Consuming the content created by an artist of any sort does not give you rights to them or their work. You are the viewer, the consumer, and you have no say as to what that creator does with that work, or what they do with themselves regarding it – this is same of all creators of any sort, don’t be that person. If you are consuming the work that someone has put online then you should be grateful that they are sharing it with you. If you are paying to consume that content on Patreon or similar, then you are paying for the privilege of seeing that content as you would in a museum or art gallery; you have chosen to pay, you may look at the content, you may admire it, you do not touch it, and you move on. It is not yours. Very simple.

Or one would think so.

I know that what I am doing here is flogging a dead horse to a certain extent, and I wish I had more ways of stopping these things because it feels like a monolith of awful behaviour, crushing down on us that will only get worse no matter what we do, but I cannot be defeatist. We cannot be defeatist. We must build each other up, defend and protect our community as best we can. We must be loud about what is happening, share our stories so we are not alone, just as #metoo did last year. There are so many already out there doing this, but we must all do it.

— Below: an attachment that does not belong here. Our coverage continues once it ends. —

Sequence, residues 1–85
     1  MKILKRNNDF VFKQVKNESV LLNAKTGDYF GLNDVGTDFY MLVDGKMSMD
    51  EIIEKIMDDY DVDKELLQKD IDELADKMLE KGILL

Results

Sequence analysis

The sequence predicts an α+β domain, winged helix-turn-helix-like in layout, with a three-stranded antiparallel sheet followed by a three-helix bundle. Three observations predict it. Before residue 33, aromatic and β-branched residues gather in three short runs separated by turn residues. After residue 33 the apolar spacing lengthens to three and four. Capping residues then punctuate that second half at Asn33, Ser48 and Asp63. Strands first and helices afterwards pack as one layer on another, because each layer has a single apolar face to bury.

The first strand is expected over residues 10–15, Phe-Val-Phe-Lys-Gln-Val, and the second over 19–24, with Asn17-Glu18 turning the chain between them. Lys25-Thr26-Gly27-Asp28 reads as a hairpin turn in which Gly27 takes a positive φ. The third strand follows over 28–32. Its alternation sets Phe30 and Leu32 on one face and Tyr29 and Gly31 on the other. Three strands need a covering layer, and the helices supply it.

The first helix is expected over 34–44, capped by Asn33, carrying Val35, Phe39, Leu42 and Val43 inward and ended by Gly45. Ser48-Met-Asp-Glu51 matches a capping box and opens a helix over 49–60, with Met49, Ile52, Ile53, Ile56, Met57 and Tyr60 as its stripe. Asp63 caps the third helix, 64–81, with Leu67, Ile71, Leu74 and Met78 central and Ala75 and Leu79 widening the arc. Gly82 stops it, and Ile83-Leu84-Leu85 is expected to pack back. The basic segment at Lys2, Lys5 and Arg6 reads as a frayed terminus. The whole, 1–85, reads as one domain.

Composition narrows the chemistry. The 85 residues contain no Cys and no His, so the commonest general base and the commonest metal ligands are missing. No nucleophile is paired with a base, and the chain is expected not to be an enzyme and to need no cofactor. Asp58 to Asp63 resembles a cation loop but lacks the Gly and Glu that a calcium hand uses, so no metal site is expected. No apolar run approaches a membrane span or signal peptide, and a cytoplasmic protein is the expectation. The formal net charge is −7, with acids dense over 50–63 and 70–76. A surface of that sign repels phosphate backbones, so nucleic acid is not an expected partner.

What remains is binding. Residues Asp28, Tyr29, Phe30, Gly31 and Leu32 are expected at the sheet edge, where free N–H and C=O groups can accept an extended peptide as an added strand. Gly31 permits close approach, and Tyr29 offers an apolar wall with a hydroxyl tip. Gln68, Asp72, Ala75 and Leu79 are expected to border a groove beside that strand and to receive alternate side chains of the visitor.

And I’m done being preachy. I’m sorry this was not so much in the way of fun, but we will hopefully be back to that next time. Hopefully.

Please do remember you can now follow me on Instagram @lilistprince (which I update daily) and on twitter @lilistprince. Links in the footer as well.

I will be posting all and everything that comes into my head on both of these, and chatting about life as a nonbinary person and a good amount of cosplay thrown in too. Oh and robots.

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‘Olly Out!

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3 Comments »

  1. This is disturbing. What’s worse, is that when news of this was shared on FB, women were blamed or people actually denied the thing even happened.

  2. Im totally gonna be that guy but this also applies to women. A couple of my guy friends have been harassed by women at conventions while in cosplay.